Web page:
Battery company AMTE Power insists it is “committed” to its Thurso base after suggesting it could be tempted to the US to take advantage of President Joe Biden’s green subsidies.
Over the weekend, the Highland-based manufacturer hinted it is mulling a move because of the US’s new Inflation Reduction Act.
However, the company said on Monday it is “incredibly proud” of its UK heritage.
The comment came on the same day First Minister Humza Yousaf said he was concerned at reports the firm might move.
‘Incredibly proud’ of UK heritage
In July last year, AMTE Power announced Dundee as its preferred site for its new £160 million project, which could bring more than 200 jobs.
The company specialises in lithium-ion and sodium-ion batteries for energy storage and electric cars.
Information from the American Senate shows the US will pour a colossal £369 billion into energy security and climate change programmes during the next 10 years.
AMTE CEO Alan Hollis told The Press and Journal: “We are incredibly proud of our UK heritage at AMTE and we want to remain a UK business.
“We have developed our technology here and our intention is to commercialise our products in the UK, using our Thurso facility and by scaling up production at our preferred gigafactory site in Dundee.
“Our plans would unlock hundreds of green collar jobs while supporting the UK’s wider push to deliver net zero.
“Like any good business, we are always monitoring the wider market and must factor the global context into our considerations, but we do not currently plan to relocate.
“We remain committed to Thurso and Dundee remains our preferred site.”
Plans to scale up
The Thurso site has the second largest cell production capacity in the UK and makes Ultra Prime cells used in challenging industrial environments including sectors such as construction, oil and gas and mining.
It also manufactures Ultra Safe cells for use at wind and solar power generation sites as well as for domestic residential storage.
The firm recently revealed plans to scale up its factory this year.
It agreed an unsecured £580,000 loan from Highlands and Islands Enterprise to support the group’s operations in Thurso.
The comments suggesting interest in the US may have been a warning shot to the UK government as it reviews a response to the Inflation Reduction Act.
First minister ‘concerned’
At the STUC conference in Dundee on Monday, the first minister said he was “concerned” to hear AMTE had hinted at a US move.
He said he would do everything within his powers to keep investment in the city.
Mr Yousaf said: “I am concerned to hear that and I will work right across the UK with other governments to see what can be done to attract investment to Scotland.
“Scotland has a very good track record of attracting inward investment, which is why I was dismayed by recent UK Government reports to curtail external activity.
“I will see what we can do within our powers, limited as they may be, to try to ensure that investment comes back to Dundee.”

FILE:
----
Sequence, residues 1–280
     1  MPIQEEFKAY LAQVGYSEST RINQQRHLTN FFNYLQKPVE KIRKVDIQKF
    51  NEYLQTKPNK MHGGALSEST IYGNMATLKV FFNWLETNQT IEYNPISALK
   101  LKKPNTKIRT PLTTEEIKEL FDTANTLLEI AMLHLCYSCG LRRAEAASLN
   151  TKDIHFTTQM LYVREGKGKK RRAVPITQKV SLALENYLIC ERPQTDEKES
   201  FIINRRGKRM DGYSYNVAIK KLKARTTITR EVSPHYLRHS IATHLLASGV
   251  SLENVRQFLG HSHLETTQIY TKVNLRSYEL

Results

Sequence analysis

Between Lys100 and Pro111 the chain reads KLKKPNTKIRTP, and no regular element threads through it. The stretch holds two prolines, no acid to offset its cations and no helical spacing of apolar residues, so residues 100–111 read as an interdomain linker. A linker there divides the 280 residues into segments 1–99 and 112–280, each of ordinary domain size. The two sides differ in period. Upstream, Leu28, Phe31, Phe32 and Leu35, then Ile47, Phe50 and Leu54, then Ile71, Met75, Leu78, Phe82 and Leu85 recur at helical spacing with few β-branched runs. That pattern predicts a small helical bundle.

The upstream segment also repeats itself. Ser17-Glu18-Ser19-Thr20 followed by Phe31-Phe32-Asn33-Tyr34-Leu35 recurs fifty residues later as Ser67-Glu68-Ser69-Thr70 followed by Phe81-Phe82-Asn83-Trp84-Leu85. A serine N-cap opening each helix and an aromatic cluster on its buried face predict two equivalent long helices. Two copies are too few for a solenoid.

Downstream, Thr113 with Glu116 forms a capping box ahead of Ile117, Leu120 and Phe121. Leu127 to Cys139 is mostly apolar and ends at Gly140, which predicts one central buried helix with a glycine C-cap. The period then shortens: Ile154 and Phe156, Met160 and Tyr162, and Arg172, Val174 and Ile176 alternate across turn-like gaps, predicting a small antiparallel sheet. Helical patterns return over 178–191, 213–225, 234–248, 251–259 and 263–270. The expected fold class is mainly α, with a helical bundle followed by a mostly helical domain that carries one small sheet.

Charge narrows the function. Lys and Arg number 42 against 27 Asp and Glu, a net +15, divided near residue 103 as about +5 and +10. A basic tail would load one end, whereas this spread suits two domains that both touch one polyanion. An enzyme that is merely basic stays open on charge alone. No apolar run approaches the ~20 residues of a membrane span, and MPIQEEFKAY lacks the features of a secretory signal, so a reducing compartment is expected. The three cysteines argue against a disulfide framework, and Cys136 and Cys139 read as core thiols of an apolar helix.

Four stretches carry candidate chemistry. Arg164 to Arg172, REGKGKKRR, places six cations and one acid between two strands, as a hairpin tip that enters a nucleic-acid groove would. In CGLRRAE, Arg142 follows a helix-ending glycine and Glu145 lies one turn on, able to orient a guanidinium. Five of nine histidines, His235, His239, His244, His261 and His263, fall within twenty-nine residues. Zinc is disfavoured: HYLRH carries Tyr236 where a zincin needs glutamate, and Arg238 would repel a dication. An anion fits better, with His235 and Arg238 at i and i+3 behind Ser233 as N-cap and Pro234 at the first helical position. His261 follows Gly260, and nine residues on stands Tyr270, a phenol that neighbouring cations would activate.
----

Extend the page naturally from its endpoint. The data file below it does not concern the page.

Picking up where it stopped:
There is speculation surrounding the future of UK battery manufacturing following the recent collapse into administration of Britishvolt in Northumberland with most of its 300 staff being made redundant.
However, Australia-based Recharge Industries has been successful in its bid for ownership of Britishvolt and now claims it will be able to create the UK’s first “gigafactory”.
WAE Technologies is also due to open a new battery plant in Oxfordshire in April, creating around 300 jobs.
UK must grasp the opportunity
Despite Mr Hollis’ reassurances for Thurso and Dundee, he put pressure on London to act in support of growth sectors such as electric vehicles.
The AMTE chief said: “The UK has strong fundamentals which can support the development of a homegrown battery manufacturing sector, but we need the right support from government to allow the UK to compete on the world stage.
“Developing an end-to-end industrial strategy which accounts for the full scope of battery demand and production, from raw materials sourcing through to end of life management and recycling is essential.
“The UK has a fantastic opportunity, but it needs to grasp it now.”
Pressure on green jobs for the future
Mr Hollis’s warning echoes that of St Andrews University battery expert Sir Peter Bruce.
Sir Peter told the Press and Journal: “The future is green jobs and if we don’t get a stake in that, then Scotland and the UK will suffer, so the challenge is how
“How do you get costs of the vehicle down?
“You either subsidise it or you try to make technology at lower cost. You probably have to do both – one of the biggest costs of an EV is the battery.
“There is a research and development challenge in getting costs of those batteries down, to use lower price materials and manufacturing processes.
“The US offers significant subsidies for people to buy EVs provided the components that go into them are made in America so driving home-based manufacturing.
“The European Union is doing the same thing and it is important the UK looks seriously at what it is going to do or the danger is we lose out.”
The price of raw materials has soared making battery elements cobalt and nickel more expensive.
Sir Peter stressed the need to recycle these materials.